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Lifehack Your Food - Shake a Complete Meal

Compared to other views on what’s healthy and what’s not (US Food and Drug Administration is currently debating and reformulating these terms, especially when it comes to sugars and fats) the one on vitamins and minerals was and still is remarkably stable. Namely: we need them, and a given food that has a high content of it will not surprisingly be seen as ‘healthy’ and ‘nutritious’.

So how do we make sure we get enough of them?

It’s a scientifically proven fact that our bodies are in vital need of 24 vitamins and minerals. This list of highly essential organic compounds containing carbon molecules (vitamins) and elements on the periodic table (minerals) is vital to life and can be consumed through either foods or supplements.

This might seem like common sense, right? After all, we learn to eat our fruit and veggies from a very young age. Still, somehow, we find it difficult to meet the nutritional goals that are set up by scientists, dietitians and our governments food-associations.

Recent research shows that nearly one-third of the US population above the age of 9 years old is vulnerable to micronutrient malnutrition. Malnutrition? Yes, you read it right. While at the same time almost 40% of US adults are considered obese, we face a serious problem of undernourishment when it comes to the vitamins and minerals our bodies need to function properly. But how do you end up with a micronutrient deficiency, and when are you at risk?

Next to people who have undergone bariatric surgery or those who suffer from certain diseases such as Crohn’s or Celiac and have a risk of nutrients being poorly absorbed, most nutrient deficiencies are simply caused by poor diets. Inadequate dietary intake can, in extreme terms, mean a given person lives of junk food only and therefore doesn’t meet up to his/her micronutrient goals. But, most of the time it ‘just’ means an imbalanced diet and/or ignorance.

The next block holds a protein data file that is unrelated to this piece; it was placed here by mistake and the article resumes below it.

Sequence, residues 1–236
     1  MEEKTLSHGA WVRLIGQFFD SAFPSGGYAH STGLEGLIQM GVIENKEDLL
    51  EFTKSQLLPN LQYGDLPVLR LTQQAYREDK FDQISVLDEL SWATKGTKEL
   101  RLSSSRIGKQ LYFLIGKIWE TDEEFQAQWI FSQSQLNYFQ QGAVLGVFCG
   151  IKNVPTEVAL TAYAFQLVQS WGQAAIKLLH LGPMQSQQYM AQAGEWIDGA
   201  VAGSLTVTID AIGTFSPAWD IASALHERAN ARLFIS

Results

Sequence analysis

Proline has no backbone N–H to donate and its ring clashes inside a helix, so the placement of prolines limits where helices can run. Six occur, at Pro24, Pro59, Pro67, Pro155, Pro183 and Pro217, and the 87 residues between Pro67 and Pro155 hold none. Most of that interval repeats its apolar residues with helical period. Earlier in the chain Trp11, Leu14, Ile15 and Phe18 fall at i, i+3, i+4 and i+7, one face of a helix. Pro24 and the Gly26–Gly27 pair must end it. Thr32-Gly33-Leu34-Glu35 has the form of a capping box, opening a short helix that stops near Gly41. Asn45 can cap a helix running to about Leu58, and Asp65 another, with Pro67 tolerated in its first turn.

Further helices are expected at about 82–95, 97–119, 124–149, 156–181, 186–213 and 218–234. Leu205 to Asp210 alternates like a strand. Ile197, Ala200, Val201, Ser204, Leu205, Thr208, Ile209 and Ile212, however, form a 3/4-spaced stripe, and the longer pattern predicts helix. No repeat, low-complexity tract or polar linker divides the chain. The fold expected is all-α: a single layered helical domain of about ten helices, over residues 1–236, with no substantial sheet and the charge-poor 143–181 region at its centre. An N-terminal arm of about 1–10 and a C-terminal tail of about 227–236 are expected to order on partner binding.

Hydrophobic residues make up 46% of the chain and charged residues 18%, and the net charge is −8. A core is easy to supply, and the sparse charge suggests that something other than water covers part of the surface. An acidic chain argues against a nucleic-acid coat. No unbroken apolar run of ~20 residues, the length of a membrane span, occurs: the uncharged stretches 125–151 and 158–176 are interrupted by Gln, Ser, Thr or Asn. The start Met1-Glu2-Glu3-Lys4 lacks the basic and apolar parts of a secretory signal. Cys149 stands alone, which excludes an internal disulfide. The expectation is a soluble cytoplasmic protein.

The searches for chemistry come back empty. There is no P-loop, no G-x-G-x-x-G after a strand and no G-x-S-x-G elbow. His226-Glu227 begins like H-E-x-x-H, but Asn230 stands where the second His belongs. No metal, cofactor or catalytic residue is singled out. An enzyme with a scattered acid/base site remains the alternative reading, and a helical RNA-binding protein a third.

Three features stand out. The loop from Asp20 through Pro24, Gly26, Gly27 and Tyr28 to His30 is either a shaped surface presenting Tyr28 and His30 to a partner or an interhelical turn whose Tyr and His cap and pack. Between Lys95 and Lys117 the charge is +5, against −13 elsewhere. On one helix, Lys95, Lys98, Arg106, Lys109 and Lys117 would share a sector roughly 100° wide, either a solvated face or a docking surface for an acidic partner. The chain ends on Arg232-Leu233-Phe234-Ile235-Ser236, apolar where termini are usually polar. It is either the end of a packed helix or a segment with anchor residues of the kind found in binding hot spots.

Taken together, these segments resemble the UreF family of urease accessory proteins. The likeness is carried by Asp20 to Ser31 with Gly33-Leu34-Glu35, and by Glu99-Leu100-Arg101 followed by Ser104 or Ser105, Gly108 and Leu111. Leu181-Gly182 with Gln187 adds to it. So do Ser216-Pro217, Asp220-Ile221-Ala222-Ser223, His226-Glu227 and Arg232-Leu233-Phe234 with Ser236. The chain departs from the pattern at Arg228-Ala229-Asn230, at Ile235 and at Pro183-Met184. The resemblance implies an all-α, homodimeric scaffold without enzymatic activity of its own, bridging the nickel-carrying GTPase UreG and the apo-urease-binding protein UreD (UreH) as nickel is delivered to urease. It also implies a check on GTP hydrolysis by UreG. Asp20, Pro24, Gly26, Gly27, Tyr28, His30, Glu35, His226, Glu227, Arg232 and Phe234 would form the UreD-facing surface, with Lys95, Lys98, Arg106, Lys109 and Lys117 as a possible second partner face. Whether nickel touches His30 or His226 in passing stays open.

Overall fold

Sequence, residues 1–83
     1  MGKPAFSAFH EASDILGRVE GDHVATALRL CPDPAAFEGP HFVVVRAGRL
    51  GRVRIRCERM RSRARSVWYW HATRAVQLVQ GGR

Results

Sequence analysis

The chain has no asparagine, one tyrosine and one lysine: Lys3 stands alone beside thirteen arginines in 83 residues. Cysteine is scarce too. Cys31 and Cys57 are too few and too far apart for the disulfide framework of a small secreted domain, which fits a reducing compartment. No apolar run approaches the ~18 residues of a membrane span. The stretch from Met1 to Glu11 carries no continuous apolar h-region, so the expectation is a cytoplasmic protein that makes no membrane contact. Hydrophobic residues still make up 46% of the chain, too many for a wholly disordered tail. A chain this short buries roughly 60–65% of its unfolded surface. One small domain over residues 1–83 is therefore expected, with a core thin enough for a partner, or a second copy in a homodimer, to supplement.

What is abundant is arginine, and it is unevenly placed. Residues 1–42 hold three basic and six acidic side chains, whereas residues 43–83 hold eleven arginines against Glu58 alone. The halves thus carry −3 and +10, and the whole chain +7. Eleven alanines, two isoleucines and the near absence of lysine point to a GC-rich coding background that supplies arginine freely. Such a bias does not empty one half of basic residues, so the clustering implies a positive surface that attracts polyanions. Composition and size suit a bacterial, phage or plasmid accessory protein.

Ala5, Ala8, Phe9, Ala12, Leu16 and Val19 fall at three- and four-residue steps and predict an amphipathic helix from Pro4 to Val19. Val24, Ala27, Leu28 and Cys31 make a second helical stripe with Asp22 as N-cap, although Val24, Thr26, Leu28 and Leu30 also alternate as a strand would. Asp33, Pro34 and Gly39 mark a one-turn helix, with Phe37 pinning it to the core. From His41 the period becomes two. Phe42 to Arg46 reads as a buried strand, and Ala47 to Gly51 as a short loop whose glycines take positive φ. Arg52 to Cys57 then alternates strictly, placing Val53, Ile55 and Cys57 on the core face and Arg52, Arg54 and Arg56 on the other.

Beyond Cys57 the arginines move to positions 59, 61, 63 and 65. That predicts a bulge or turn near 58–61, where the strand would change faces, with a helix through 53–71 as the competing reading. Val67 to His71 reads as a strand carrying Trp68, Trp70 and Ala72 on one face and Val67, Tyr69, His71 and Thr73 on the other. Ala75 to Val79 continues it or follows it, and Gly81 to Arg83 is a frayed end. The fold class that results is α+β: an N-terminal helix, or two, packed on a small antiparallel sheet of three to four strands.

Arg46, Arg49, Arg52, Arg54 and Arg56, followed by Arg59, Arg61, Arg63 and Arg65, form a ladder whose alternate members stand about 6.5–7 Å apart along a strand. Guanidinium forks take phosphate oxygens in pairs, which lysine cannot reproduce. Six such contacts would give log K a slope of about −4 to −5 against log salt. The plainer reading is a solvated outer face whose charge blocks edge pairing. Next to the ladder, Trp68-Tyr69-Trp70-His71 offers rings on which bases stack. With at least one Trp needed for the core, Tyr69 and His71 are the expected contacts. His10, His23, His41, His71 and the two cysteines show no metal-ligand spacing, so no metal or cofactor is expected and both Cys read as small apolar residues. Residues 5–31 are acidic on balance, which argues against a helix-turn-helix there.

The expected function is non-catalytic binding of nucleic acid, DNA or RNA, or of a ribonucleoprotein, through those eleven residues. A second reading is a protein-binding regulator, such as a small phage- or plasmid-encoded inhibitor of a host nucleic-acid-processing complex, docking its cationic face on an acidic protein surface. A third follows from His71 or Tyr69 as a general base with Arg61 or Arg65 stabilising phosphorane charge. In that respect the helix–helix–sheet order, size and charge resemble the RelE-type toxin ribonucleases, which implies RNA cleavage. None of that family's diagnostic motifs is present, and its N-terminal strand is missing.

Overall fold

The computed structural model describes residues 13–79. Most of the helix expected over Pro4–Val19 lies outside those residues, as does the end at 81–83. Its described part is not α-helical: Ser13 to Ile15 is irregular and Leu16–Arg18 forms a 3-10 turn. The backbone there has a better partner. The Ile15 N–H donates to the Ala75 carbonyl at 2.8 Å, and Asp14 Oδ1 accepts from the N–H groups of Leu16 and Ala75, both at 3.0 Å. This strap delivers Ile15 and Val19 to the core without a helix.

According to this source, people with so-called ‘restrictive’ diets often have trouble meeting their bodies nutritional requirements. Avoidance of – for example – (some) animal products when sticking to a vegetarian or vegan diet, makes it harder to get enough of your needed vitamin D, B12, Calcium and Omega 3 fatty acids. Hard does not mean impossible, but still: you need to spend time doing research. And most of all: you need to want to do the research.

Next to a threat of micronutrient malnutrition, an imbalance in macronutrients in western diets causes us to face serious health problems like obesity, heart- and vascular disease, type two diabetes and certain types of cancer. To fight these problems, our diets have to shift. But, as economic developments led to changes in lifestyles and we have busy lives: we want our food to be quick and easy, exactly the meals that are often not that healthy.

This exactly is what the concept of complete food is trying to fix. Queal (a portmanteau of quick & meal) was born out of the frustration we couldn’t get a meal that was both easy and healthy. Our shakes and bars all have a healthy ratio of macronutrients and either 1/3rd or 1/5th of your daily recommended dose of essential vitamins and minerals and take you 30 seconds or less to prepare. So, no matter your lifestyle, you will always be certain to meet your nutritional goals and fight possible micronutrient malnourishment.

(Queal Steady is available in both a vegetarian as vegan version, our Go bars are both vegetarian.)

Try it out yourself with a Taste Tester!